The first important initiative to develop a consensus definition for MSC was provided by the International Society for Cell & Gene Therapy (ISCT), which in 2006 established the minimal criteria for human bone marrow-derived MSC and these were updated in 2019.11 12 These criteria were determined through a group decision-making method (eg, informal consensus of a small number of experts), which is a consensus development method with several limitations.13 However, implementation of this MSC definition has been inconsistent and several researchers have expressed scepticism and highlighted limitations (eg, cell surface markers phenotype, misinterpretation of differentiation assays, limitations in functionally defining stromal cells, etc).4 11 14 For example, a scoping review conducted by our group to describe how MSCs are defined and characterised in both preclinical and clinical research showed that only 18% of the articles from our sample explicitly referred to the ISCT criteria, and only 7% of clinical studies selection reported the three minimal criteria from the 2006 definition. The uncertainty and lack of consensus on this crucial issue of how to define MSC has also allowed questionable for-profit business to sell unproven and unlicensed ‘stem cell’ therapies to patients and public.15 16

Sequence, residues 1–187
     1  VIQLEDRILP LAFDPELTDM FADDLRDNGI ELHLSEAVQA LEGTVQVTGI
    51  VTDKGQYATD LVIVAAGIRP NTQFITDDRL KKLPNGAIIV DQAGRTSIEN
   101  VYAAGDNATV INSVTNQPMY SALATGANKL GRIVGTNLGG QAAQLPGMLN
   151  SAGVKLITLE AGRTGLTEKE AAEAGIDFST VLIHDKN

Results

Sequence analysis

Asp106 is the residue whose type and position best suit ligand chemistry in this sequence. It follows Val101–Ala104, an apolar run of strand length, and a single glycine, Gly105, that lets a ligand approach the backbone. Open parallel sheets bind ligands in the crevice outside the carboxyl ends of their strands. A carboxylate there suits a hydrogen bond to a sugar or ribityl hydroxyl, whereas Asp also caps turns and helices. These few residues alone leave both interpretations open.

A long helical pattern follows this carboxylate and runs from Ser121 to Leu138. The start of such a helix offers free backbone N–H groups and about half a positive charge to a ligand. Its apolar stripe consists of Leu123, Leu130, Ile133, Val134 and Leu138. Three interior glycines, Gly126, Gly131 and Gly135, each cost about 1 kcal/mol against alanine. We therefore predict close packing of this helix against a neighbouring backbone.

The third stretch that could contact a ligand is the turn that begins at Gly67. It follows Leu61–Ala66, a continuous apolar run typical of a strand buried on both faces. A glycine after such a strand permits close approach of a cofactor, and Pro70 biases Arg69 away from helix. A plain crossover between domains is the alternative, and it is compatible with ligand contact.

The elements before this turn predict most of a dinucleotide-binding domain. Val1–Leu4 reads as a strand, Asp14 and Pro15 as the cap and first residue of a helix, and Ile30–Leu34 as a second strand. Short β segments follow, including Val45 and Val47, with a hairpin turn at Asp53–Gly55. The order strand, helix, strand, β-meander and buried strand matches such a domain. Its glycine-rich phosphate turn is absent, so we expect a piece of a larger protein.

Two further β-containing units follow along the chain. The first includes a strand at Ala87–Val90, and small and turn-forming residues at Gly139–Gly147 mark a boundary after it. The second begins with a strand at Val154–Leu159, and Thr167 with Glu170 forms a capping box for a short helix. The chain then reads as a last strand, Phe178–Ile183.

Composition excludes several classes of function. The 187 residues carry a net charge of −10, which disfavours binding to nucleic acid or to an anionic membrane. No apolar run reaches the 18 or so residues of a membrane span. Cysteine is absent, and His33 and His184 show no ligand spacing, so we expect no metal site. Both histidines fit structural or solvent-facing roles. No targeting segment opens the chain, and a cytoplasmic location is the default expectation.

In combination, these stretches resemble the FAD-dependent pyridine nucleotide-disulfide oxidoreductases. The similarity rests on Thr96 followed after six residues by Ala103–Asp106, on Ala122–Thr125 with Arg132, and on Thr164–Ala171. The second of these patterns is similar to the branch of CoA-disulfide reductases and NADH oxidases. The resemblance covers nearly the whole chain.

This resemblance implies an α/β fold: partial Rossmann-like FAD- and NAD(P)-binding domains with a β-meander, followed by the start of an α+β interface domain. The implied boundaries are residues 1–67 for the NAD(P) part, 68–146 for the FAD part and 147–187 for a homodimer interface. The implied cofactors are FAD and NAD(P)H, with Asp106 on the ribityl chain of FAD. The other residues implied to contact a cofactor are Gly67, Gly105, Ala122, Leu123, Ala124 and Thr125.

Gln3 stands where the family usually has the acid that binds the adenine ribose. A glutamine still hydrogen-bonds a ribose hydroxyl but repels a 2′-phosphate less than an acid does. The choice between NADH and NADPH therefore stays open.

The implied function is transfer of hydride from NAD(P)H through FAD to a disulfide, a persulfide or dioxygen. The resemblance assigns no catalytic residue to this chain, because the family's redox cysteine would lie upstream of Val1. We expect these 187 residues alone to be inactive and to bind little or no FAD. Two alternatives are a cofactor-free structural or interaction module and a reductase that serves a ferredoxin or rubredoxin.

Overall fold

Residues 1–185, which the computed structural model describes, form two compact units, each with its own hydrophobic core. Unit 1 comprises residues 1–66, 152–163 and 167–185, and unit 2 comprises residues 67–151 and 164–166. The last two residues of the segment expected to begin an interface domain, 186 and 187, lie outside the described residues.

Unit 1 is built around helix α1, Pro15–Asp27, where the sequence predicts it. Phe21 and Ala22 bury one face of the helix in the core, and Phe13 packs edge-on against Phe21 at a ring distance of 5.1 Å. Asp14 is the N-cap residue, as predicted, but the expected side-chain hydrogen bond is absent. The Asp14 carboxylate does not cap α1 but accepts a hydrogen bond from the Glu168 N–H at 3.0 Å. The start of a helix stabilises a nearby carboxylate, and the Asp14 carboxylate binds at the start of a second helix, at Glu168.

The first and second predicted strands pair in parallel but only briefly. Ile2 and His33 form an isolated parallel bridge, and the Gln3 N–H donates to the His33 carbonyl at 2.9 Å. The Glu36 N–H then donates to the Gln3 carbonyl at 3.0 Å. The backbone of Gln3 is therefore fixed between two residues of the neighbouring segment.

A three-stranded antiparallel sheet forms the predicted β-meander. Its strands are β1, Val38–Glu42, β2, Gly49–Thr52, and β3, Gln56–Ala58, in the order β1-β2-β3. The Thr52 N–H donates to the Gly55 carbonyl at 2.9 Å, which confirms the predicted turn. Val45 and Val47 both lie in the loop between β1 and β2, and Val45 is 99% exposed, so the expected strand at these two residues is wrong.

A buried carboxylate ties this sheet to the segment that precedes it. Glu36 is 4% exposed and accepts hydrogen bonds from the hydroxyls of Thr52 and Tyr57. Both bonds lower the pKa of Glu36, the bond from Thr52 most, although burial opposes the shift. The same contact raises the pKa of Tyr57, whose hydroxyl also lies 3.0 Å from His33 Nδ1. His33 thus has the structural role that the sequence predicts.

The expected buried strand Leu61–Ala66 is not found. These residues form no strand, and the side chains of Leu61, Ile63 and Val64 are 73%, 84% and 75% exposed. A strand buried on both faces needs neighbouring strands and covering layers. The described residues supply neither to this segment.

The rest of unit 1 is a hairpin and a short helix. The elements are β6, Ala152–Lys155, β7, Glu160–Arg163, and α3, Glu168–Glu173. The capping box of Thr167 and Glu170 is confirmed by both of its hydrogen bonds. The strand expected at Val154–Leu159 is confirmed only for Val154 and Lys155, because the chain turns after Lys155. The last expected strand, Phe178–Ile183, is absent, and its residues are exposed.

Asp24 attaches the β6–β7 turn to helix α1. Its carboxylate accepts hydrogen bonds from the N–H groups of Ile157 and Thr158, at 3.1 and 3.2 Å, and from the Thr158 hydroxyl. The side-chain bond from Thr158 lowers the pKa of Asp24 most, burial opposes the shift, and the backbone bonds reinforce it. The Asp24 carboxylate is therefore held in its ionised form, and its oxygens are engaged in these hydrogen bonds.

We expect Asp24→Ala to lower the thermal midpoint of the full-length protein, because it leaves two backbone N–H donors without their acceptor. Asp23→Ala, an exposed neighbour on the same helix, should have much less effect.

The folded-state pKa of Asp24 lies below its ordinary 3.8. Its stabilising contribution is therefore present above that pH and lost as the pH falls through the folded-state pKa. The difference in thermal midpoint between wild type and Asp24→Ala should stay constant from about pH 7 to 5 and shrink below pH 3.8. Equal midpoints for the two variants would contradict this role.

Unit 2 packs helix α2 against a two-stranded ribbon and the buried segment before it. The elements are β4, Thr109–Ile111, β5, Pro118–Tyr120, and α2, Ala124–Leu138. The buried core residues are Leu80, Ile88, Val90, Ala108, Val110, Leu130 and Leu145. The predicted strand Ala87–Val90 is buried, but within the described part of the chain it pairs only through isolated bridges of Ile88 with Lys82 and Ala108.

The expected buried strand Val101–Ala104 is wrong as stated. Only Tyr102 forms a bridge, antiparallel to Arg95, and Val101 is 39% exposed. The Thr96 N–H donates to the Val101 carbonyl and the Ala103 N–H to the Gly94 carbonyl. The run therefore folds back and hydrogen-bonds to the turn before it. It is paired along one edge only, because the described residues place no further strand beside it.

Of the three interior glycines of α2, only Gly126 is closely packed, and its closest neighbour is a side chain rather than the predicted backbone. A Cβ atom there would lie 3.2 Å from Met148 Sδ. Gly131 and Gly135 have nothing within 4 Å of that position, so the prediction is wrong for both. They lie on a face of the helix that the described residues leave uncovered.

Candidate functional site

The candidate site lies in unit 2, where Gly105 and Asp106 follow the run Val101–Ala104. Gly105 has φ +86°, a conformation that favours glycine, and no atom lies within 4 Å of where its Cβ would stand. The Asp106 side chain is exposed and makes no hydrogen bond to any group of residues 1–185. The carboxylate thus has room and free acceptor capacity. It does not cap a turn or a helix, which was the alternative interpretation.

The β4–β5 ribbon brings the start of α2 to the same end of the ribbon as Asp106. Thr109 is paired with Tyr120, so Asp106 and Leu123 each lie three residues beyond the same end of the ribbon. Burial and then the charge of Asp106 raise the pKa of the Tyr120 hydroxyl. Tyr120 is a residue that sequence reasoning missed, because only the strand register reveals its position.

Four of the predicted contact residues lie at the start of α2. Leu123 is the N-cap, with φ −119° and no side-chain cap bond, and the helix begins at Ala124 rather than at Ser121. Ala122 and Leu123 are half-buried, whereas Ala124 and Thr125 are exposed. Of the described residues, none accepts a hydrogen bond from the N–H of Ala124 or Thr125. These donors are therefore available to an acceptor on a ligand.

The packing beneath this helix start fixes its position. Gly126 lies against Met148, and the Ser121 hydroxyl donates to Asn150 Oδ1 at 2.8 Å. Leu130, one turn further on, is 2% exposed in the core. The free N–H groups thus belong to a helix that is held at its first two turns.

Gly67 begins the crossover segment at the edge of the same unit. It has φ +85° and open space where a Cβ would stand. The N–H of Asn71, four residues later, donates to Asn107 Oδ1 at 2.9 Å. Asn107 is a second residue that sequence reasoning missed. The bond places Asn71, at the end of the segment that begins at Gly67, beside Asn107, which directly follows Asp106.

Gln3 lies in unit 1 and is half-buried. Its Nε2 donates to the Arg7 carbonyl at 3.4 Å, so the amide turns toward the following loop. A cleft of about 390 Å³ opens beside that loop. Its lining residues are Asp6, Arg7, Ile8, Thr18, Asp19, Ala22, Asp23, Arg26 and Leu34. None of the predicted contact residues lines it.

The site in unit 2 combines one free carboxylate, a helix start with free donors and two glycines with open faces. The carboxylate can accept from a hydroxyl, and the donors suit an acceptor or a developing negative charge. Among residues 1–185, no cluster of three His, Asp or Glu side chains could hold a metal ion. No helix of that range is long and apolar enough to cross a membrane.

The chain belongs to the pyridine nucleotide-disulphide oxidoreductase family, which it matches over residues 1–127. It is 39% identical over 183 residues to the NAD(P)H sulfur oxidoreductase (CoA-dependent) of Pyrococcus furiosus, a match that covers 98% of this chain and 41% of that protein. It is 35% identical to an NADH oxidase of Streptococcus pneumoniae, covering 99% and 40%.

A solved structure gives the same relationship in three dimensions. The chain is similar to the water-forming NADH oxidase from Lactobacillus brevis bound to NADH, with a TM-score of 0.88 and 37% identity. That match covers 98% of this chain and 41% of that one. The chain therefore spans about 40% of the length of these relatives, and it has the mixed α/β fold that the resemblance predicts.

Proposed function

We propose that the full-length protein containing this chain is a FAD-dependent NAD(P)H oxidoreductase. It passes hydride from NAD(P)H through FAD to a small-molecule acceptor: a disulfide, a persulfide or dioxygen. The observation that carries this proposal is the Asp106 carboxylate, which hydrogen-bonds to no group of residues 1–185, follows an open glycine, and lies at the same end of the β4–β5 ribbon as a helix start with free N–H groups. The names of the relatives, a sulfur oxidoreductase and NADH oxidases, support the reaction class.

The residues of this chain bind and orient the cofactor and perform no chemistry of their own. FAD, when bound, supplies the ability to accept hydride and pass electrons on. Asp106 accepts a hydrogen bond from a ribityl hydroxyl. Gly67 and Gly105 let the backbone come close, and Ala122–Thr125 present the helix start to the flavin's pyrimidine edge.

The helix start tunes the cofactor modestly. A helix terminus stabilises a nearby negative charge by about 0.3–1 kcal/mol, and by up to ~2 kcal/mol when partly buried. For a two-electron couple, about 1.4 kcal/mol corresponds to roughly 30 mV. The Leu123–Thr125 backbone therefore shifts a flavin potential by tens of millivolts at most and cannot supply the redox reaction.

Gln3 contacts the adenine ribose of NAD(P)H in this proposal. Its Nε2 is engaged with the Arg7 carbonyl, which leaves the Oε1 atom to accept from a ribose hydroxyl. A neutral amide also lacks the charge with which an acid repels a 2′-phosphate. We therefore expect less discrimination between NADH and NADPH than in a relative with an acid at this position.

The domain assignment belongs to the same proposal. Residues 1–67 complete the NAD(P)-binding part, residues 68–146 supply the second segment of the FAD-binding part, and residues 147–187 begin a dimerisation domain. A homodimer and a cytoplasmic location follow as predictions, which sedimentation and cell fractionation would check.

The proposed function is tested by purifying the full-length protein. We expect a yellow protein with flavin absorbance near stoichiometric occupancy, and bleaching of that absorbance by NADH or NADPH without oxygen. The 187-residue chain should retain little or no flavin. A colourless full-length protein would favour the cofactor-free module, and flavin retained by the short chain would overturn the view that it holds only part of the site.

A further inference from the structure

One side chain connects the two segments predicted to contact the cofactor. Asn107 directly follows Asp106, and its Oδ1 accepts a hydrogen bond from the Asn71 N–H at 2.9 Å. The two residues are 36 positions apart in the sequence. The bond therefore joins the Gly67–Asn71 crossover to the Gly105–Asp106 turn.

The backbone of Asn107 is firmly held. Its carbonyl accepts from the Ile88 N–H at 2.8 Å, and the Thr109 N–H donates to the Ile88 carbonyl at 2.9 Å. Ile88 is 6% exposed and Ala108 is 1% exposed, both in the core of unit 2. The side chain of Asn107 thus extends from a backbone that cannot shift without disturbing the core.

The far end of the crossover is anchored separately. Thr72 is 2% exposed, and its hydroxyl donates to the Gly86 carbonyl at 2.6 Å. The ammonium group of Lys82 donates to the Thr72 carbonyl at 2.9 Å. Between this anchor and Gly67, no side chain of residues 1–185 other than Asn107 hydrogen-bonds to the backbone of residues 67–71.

Therefore, there is an urgent need to develop a consensus definition of MSC and reporting guidelines to create standards for complete and transparent reporting of both cell characteristics and clinical trial/manufacturing details. A clear definition and reporting guidelines will be the cornerstones of a more robust, reproducible and transparent research, and are mandatory to better understand underlying factors that may contribute to efficacy (or a lack of efficacy) of MSC. Moreover, for patients and members of the public, having a clear definition of MSC will allow them to make informed decisions into which related treatments, clinical trials or products they elect to partake in.